Using undercover BBC employees, the news agency reports that several butchers in Ridley Road Market, in Dalston, East London have been selling bush meat to customers, an illegal practice in the United Kingdom. While the BBC noted that not all butchers in the market were selling illegal meat, the practice is widespread.
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The report states that many of the butchers are selling “smokies,” a West African delicacy made by charring sheep or goat with a blow torch. Two African food store have sold bush meat such as “grass cutter” or cane rats, according to the BBC.
When confronted with video footage of the illegal meat sales at their stores, the owners outright denied the accusations. Here are a few of the confrontations, as reported by BBC:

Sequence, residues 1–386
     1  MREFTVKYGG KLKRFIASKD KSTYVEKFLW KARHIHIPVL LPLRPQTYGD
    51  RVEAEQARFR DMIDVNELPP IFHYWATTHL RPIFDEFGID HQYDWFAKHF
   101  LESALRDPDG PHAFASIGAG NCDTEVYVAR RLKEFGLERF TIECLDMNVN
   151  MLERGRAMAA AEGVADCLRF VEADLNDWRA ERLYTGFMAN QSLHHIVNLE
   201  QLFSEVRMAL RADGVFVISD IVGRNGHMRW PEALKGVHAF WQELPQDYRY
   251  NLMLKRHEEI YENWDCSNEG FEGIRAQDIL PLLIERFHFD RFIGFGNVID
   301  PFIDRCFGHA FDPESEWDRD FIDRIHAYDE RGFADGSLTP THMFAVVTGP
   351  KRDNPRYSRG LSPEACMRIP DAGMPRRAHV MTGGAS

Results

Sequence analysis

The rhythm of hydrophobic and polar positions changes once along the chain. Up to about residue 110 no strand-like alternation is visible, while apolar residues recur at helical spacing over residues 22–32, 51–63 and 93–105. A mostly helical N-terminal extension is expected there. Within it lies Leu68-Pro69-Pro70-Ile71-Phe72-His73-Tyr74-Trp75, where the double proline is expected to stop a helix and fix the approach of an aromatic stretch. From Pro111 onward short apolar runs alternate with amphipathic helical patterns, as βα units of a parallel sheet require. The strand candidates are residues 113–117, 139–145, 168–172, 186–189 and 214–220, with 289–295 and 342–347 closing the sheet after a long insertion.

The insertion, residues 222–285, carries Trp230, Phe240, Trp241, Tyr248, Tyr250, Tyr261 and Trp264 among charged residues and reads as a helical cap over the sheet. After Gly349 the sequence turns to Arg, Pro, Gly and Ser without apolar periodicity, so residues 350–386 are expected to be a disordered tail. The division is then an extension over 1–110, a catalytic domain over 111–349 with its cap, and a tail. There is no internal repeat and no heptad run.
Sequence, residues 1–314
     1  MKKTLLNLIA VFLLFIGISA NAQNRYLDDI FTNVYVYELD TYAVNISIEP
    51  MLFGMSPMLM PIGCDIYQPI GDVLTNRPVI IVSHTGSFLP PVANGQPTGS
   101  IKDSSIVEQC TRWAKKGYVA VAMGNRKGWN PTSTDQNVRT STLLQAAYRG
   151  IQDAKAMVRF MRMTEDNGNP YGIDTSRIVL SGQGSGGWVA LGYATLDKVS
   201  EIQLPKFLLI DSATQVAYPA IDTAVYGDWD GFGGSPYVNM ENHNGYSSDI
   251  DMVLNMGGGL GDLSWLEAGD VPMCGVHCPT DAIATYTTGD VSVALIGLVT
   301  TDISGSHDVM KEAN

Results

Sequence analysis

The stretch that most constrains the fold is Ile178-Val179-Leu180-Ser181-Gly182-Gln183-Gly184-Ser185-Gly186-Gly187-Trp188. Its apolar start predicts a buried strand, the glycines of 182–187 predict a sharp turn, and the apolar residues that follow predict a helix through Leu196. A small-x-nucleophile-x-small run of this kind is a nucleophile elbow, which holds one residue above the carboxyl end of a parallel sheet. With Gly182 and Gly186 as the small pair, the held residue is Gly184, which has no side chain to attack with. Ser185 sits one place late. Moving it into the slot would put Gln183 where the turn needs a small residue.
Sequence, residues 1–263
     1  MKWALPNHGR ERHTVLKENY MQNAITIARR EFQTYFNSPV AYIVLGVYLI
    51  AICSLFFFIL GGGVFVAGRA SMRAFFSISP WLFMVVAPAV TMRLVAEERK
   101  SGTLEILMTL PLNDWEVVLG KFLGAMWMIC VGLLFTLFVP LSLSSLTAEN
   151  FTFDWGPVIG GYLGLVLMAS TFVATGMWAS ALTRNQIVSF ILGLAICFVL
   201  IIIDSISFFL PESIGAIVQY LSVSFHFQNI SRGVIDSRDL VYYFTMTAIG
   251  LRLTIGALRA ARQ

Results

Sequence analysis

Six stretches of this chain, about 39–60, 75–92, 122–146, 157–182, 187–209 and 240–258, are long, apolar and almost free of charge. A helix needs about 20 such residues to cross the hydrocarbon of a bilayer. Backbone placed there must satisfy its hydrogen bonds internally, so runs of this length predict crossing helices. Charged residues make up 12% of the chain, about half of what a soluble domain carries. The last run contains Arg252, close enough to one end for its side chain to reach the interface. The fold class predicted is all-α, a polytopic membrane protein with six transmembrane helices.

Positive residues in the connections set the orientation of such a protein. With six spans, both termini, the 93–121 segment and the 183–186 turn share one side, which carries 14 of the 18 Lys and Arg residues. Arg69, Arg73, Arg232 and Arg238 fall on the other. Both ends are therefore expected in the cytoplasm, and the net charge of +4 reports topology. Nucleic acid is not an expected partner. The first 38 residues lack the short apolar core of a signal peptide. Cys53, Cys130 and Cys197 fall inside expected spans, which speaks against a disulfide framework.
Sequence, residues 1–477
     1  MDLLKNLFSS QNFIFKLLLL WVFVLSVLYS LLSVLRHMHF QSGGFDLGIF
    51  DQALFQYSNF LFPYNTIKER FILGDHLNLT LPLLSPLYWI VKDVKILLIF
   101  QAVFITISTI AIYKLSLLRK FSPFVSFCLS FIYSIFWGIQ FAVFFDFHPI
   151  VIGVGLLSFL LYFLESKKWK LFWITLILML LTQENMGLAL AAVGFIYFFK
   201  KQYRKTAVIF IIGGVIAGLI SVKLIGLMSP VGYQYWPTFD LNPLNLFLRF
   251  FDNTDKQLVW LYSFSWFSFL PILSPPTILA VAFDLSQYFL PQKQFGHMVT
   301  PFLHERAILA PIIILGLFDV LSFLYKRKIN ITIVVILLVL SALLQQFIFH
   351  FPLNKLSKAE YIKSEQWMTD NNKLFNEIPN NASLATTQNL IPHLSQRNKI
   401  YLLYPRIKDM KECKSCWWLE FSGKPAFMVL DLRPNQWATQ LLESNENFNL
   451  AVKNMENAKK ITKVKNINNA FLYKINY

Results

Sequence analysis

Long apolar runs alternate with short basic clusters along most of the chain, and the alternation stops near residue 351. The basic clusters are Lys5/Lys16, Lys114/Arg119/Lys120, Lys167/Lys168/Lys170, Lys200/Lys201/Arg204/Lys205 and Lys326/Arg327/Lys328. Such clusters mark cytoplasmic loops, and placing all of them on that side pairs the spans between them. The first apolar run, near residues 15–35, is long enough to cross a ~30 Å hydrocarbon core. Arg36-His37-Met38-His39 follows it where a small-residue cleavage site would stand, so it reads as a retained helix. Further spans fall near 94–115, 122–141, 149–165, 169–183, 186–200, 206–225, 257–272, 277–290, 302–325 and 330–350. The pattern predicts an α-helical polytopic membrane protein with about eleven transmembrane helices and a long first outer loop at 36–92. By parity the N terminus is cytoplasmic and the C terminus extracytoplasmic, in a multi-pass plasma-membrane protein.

Confronted with BBC London’s evidence, Islam Halal Meat; Punjab Halal Meat and Fish and Dalston Butchers denied they were selling illegal meat.
The manager of Great Expectations, a food store which sold two Ghanaian rats to the undercover BBC researcher, said: “I don’t sell rats, I never sell rats, I don’t sell rats.
“I don’t have any rats, why you come to video me?”
The manager of Adom Trading, another shop that sold bush meat described as a Ghanaian “grass cutter” rat, also denied selling it.
“What you are saying is a lie, a 100% lie, I don’t sell rats.
“You are collapsing a business, do you know how much it costs us to pay the business rates?”
The UK’s Food Standards Agency says it is concerned that the illegal meat already sold may be contaminated and could make the buyers and others ill. Illegal meat or “bush meat” has been a persistent problem for UK authorities as smugglers regularly attempt to bring it into the county via airports and ferry terminals.